Pressing On.

I managed to get a few small jobs done and those took a whole Sunday. I know I had a lunch appointment and some chums dropped round for tea but, where do the hours go?

Water temp probe housing

The first job was the water temperature probe housing. There’s provision for an electric sender unit in the radiator but Learned Counsel gave me an analogue gauge that’s more suited to the style of the car. The only problem was where and how to place the probe. I quickly discovered that there wasn’t enough room in the thermostat housing (I’d originally planned to drill and tap for the BSP fitting) so the only other place was in-line with the inlet to the radiator. The brass tube I had spare from another engine provided the main body and the fitting was brazed to a handy piece of steel tube that was exactly the right size; the 2 parts were then brazed together. It’s not the tidiest job in the world – it was jolly difficult to get at the top of the joint with the TIG torch – but it’s water-tight and much the same as I made for the Austin.

Austin Temp Probe

I’d been looking around for a suitable oil pressure gauge but they’ve either been too expensive or the wrong size so in the end I gave up the search and took a modern Smiths gauge (the type that nobody wants) to pieces,

Oil gauge

and re-worked the whole thing with new artwork (a bit of license here),

Cooper Stewart Oil

and some bits and pieces from the come-in-handy draw.

Oil gauge

I’ll  nickel plate the bezel and it’ll look fine.

OIl gauge

The fact that the needle doesn’t quite sit at zero was a bit of a miscalculation on my part but as long as the needle goes to more or less the same spot every time, I know I’ve got an engine that’s working. A quick lick of paint on the rev counter bezel to match it up with the speedo,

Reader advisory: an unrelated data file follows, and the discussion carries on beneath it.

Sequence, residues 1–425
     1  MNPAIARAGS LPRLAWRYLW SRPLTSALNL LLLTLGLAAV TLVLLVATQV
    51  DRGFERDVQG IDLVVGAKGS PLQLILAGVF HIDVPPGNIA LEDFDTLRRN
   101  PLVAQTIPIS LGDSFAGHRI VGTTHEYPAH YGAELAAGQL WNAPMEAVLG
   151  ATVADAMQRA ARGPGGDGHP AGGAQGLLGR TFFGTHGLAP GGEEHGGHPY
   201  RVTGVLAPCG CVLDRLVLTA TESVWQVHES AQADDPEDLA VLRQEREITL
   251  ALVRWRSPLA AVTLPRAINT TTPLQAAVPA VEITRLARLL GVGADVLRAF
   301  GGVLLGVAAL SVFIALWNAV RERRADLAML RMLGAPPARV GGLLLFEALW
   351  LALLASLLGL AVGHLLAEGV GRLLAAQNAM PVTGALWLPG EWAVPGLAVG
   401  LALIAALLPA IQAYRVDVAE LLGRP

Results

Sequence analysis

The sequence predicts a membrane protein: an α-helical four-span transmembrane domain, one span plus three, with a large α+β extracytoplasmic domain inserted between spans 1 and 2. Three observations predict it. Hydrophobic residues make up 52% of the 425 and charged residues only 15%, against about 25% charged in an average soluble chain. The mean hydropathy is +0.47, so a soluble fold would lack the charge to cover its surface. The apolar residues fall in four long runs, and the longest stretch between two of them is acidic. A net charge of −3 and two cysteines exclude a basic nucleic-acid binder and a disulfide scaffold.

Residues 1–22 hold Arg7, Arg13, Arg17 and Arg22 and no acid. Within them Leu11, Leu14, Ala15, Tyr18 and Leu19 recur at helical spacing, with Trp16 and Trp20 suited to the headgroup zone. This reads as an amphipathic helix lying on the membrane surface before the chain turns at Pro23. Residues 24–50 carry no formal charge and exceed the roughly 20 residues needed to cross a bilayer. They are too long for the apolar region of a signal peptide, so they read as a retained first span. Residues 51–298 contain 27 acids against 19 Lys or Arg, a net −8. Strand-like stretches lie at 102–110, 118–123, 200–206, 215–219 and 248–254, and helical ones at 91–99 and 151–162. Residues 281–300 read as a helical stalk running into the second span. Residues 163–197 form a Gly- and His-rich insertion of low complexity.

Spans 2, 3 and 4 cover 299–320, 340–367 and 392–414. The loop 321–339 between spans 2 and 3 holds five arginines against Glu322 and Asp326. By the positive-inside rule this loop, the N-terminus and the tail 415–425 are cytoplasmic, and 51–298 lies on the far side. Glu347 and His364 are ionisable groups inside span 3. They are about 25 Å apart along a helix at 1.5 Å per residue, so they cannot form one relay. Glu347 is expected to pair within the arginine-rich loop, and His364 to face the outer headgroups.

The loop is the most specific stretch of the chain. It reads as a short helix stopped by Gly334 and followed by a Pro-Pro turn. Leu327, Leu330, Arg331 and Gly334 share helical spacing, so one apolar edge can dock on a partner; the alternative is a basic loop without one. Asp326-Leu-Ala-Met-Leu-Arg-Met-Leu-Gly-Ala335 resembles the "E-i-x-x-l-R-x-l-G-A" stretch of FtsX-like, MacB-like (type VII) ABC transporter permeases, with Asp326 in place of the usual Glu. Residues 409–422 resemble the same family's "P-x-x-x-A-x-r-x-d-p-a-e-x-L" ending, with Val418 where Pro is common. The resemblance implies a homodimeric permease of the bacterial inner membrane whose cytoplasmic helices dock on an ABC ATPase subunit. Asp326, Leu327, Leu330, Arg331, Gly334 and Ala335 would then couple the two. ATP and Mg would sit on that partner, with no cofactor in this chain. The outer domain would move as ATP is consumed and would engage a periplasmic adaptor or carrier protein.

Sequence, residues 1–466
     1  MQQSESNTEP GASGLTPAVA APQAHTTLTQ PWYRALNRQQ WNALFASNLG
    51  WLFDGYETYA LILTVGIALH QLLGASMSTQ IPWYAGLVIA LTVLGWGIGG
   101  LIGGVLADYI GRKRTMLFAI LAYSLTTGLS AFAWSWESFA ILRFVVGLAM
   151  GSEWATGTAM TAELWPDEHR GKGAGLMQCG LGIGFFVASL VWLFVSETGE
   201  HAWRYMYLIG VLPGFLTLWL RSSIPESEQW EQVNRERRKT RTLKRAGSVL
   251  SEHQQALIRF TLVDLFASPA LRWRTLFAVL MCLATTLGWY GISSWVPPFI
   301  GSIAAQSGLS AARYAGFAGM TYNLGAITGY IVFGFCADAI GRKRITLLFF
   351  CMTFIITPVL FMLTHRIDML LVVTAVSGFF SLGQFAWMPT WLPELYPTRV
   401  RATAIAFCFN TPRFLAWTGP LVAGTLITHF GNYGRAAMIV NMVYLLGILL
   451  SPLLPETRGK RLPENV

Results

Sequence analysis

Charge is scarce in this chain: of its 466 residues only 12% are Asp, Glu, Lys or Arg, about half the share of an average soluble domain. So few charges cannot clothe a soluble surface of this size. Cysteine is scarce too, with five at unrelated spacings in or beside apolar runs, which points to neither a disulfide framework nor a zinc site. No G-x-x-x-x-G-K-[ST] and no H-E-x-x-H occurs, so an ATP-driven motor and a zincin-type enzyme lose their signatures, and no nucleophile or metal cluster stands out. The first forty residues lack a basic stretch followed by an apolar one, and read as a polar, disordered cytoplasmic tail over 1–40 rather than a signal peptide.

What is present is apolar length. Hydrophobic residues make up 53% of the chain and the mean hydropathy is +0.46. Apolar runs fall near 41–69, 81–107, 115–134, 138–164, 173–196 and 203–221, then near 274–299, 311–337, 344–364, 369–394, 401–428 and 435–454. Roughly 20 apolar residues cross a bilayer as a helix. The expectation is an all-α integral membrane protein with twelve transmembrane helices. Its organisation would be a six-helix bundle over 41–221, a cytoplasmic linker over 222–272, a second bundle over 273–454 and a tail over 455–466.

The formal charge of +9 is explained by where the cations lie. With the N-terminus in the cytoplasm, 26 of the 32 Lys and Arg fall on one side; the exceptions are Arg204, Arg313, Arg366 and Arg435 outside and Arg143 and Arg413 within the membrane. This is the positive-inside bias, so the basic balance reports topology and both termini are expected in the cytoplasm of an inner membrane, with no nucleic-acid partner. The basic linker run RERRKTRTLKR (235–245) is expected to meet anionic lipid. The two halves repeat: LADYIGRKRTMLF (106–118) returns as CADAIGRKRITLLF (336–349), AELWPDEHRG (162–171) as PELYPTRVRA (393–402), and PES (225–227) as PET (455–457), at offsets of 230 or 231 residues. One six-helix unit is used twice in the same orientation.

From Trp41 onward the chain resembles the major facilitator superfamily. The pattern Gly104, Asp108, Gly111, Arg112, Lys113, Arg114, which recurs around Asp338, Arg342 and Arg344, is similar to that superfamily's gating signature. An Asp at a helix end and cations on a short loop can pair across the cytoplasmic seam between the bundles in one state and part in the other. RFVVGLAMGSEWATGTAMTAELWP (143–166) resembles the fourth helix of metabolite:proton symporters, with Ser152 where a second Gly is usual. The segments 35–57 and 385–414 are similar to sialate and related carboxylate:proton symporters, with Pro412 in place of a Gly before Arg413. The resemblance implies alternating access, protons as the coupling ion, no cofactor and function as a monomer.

Rev Counter

and the day was gone.

I continue to think about The Monaco Dash and I still can’t see the point of going to Monaco. In my imagination, a Monte Carlo or Bust caper was very much on the menu but since my visit, Monaco and Monte Carlo have rather taken the shine off the idea. Granted that the fun would be in the journey – I’m sure that there’d be adventures to report that would take up several dinners but the destination still needs to have some significance. I gather from friends that in the late 60’s and early 70’s Monaco was worth the effort to get to – I don’t think that’s the case anymore.

Most people I’ve spoken to have much the same opinion about the place as I do. Good, that’s comforting; I was beginning to think that I might be a miserable old so-and-so who’d taken against a perfectly nice place on the basis of there being nowhere to park.

Perish the thought…


2 comments on “Pressing On.

  1. allan ayers says:

    Boy am I impressed! I am just starting a jupiter restoration here near Canterbury. My ambitions are lower than yours at the moment …. I just want to get it running. I’ll get there bit by bit but very interested to see how to do it properly. Really interesting site.. Thanks Allan Ayers

    • Thanks Allan, your comments are really appreciated. The Jupiter bodywork is being rubbed down in readiness for painting at the moment so that’s why there hasn’t been any interesting updates recently. Good luck with the Jupiter; I’ll alert Learned Counsel – he’ll will be pleased to hear of your progress. Nigel

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